[This blog post is a one of a series of articles to commemorate the 25th anniversary of CISM. Author: Cristina Gutiérrez Hernández, head of the Humanitarian Action Office at the Spanish Agency for International Development Cooperation (AECID). She served as General Coordinator of Spanish Cooperation in Mozambique from 2014 to 2018.]
When I think about the 25th anniversary of the Manhiça Health Research Centre (CISM), it stirs up feelings both personal and professional.
I nostalgically remember my passionate interest, as a medical student, in everything having to do with research on infectious diseases, especially tropical diseases. In order to even exist, these diseases relied on sophisticated biology-based behaviour, involving other species in their life cycle. They were also influenced by the changing weather conditions—altitude, humidity, temperature, etc.—of whatever part of the world they found themselves in.
When I think about the 25th anniversary of the Manhiça Health Research Centre (CISM), it stirs up feelings both personal and professional
Each disease was a story unto itself. Malaria was a perfect example of a parasite’s ability to survive and cause one of the diseases with the highest rates of morbidity and mortality in certain parts of the planet. Around that time—the late 1980s and early 1990s—people first started talking about something that had once been inconceivable: a vaccine that could stop this dreaded disease.
Many years later, after my career had taken a turn towards development cooperation, I had the opportunity to see CISM in person for the first time in 2014, in my capacity as General Coordinator of Spanish Cooperation in Mozambique, a position I had only recently taken up. The visit to CISM was a must, given the key role of the centre in Spain’s cooperation efforts in the country.
Cristina Gutiérrez in Mozambique. Photo: Miguel Lizana / AECID.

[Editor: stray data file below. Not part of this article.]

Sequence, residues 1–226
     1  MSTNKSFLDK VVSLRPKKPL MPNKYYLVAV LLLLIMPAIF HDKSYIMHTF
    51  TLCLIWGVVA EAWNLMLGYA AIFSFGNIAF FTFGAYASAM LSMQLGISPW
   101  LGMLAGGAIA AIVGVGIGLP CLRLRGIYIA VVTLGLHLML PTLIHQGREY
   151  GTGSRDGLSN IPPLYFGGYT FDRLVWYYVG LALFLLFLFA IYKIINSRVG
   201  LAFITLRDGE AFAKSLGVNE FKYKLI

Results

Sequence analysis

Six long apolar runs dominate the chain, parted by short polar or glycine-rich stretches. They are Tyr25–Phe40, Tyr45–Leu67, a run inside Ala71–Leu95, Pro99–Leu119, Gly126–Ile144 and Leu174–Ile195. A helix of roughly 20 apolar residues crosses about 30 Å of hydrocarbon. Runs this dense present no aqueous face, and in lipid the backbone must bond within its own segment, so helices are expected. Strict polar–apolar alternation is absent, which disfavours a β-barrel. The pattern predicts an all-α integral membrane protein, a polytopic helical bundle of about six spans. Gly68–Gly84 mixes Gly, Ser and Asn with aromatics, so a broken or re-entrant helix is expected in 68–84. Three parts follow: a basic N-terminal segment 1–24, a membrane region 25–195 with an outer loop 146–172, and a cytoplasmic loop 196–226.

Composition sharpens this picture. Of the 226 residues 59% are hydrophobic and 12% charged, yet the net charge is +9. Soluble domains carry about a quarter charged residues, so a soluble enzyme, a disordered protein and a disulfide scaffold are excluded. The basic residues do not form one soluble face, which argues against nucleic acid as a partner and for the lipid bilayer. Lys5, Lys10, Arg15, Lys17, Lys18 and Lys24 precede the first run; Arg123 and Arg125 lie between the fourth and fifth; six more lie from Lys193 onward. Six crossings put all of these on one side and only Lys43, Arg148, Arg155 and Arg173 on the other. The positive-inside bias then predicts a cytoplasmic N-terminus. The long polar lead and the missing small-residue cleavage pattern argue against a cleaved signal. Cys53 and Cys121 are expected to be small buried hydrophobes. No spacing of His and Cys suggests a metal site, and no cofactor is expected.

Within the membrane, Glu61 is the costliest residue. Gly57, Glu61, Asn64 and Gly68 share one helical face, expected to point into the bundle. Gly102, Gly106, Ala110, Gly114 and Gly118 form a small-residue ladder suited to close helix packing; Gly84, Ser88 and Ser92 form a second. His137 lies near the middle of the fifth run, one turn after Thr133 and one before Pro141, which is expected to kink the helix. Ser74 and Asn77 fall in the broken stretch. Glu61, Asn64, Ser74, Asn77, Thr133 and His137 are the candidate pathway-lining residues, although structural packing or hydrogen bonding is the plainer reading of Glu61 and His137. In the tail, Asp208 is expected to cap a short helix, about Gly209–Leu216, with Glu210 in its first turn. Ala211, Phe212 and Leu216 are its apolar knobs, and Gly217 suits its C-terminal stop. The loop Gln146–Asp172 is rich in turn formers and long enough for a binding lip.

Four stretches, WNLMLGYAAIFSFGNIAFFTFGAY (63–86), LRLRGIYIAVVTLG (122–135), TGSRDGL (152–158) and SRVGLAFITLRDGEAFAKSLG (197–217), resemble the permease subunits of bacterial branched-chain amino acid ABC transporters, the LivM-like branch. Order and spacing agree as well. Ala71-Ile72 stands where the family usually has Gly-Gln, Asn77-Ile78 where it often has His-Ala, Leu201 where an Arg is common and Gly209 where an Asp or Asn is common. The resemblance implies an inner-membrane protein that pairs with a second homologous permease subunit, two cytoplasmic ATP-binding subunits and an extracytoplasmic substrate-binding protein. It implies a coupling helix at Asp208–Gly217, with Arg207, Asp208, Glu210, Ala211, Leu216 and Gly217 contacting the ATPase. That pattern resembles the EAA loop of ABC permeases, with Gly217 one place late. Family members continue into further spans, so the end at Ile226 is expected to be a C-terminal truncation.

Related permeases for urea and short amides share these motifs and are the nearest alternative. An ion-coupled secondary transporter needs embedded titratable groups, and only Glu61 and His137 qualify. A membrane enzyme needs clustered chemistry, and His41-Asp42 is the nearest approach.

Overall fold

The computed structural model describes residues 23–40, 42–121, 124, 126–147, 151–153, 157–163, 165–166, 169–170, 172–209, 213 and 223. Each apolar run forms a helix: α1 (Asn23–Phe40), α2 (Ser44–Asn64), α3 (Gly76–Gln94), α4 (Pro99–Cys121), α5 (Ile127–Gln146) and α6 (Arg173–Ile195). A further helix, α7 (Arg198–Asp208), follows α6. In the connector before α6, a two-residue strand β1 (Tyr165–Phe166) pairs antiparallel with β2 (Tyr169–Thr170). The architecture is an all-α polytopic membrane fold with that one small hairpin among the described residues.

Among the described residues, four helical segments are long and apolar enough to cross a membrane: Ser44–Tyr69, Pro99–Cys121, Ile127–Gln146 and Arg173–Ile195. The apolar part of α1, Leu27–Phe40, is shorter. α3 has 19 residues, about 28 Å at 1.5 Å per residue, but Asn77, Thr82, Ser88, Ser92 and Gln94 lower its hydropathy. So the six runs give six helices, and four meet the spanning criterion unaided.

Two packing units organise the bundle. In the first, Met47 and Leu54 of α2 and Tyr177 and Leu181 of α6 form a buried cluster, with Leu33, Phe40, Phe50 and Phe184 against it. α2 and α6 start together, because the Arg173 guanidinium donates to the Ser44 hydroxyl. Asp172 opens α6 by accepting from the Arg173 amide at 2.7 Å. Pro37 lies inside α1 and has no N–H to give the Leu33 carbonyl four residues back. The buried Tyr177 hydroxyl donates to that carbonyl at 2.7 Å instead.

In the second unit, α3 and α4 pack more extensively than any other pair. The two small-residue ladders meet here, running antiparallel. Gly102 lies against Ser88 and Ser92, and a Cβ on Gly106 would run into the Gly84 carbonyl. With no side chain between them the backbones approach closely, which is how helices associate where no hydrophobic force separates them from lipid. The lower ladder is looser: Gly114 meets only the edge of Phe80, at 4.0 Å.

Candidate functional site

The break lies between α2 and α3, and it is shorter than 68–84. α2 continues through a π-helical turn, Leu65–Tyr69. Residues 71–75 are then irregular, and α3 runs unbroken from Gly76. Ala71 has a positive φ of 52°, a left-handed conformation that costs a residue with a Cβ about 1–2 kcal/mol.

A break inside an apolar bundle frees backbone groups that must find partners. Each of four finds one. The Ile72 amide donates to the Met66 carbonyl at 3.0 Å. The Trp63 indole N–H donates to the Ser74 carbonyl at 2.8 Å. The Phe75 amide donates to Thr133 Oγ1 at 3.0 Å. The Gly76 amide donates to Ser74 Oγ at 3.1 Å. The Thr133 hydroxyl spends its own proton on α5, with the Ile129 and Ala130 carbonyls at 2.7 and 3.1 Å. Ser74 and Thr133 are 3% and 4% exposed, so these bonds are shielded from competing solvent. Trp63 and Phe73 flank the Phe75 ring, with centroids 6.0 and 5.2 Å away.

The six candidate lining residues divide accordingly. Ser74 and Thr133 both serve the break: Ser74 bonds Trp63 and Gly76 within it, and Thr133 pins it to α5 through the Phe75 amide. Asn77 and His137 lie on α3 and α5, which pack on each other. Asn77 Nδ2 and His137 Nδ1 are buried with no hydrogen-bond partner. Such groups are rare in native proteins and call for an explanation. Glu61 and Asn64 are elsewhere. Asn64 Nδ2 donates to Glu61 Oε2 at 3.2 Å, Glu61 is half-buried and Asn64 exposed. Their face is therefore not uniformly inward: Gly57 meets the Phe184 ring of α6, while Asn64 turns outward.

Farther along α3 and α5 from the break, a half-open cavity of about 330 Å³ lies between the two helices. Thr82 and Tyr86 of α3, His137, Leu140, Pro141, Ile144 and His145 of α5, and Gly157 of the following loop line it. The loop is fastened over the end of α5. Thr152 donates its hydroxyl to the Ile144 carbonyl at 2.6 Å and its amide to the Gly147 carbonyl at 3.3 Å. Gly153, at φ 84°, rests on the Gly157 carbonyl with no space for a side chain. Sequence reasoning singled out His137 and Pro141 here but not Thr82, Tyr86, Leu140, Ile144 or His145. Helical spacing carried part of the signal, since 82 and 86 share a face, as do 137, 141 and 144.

That first visit took me back to those years when my life was more directly devoted to medicine. It was a dream come true to be there, listening as a group of researchers discussed the early findings of studies on the RTS,S vaccine against malaria.
It was a dream come true to be there, listening as a group of researchers discussed the early findings of studies on the RTS,S vaccine against malaria
But I also discovered that CISM was so much more. Its work was focused on a noble mission: finding solutions to the main communicable diseases that specifically affect Mozambique and many of the world’s poorest countries. Biomedical research was, and is, the centre’s tool for helping to break the vicious cycle of disease and poverty: more disease leads to more poverty, and more poverty leads to even more disease. CISM’s work, therefore, was supporting the economic and social development of vulnerable populations.
Since its creation in 1996, CISM has developed as a bilateral cooperation programme between the governments of Mozambique and Spain, whose activity, comprising three closely interrelated pillars, provides a powerful raison d’être for the centre and represents the courageous commitment of the Spanish Agency for International Development Cooperation (AECID) to overcoming a seemingly insurmountable barrier to ending poverty: disease.
1. Biomedical research is CISM’s main tool. The most emblematic studies are the RTS,S malaria vaccine trials, but the centre has also been involved in research on other highly prevalent infectious diseases in the region, such as pneumonia and diarrhoeal diseases. CISM produced scientific evidence that made it possible for the Mozambican Ministry of Health to include vaccines against pneumococcus and rotavirus—microorganisms responsible for high rates of morbidity and mortality in the country’s infant population—in its Expanded Programme on Immunisation. CISM has also been involved in other areas that pose major challenges for Mozambique, such as HIV/AIDS and tuberculosis, in a context where properly collected data on the causes of disease and death are sparse.
2. Training lays the groundwork for CISM’s sustainability over time. In conjunction with internationally renowned academic institutions, CISM has collaborated on various master’s and doctoral programmes, providing thesis tutoring for graduate students in the health sciences. These young people give us hope that this important research work can continue into the future.
3. Clinical care—mainly at Manhiça Hospital, but also at many health centres across the country—allows CISM to combine its biomedical research with epidemiological and social studies and interaction with public health policy, thereby raising the profile of the centre’s research.
The AECID has played a crucial role in CISM’s development since its creation in 1996
The AECID has played a crucial role in CISM’s development since its creation in 1996. In fact, the AECID is the main funder of the centre’s general operations. This is the solid base of support that any research centre needs in order to keep the lights on and cultivate successes and advances through various studies funded by multiple sources. I trust that these research efforts will continue for many years and that we can move forward together to break the vicious cycle of disease and poverty.